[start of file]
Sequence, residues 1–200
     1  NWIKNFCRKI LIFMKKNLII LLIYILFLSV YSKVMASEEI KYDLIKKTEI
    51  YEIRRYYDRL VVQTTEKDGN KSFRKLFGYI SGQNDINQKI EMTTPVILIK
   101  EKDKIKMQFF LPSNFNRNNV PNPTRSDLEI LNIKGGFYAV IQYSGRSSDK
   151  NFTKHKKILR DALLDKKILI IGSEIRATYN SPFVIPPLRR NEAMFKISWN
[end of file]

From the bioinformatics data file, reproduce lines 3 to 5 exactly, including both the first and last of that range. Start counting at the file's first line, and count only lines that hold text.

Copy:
    51  YEIRRYYDRL VVQTTEKDGN KSFRKLFGYI SGQNDINQKI EMTTPVILIK
   101  EKDKIKMQFF LPSNFNRNNV PNPTRSDLEI LNIKGGFYAV IQYSGRSSDK
   151  NFTKHKKILR DALLDKKILI IGSEIRATYN SPFVIPPLRR NEAMFKISWN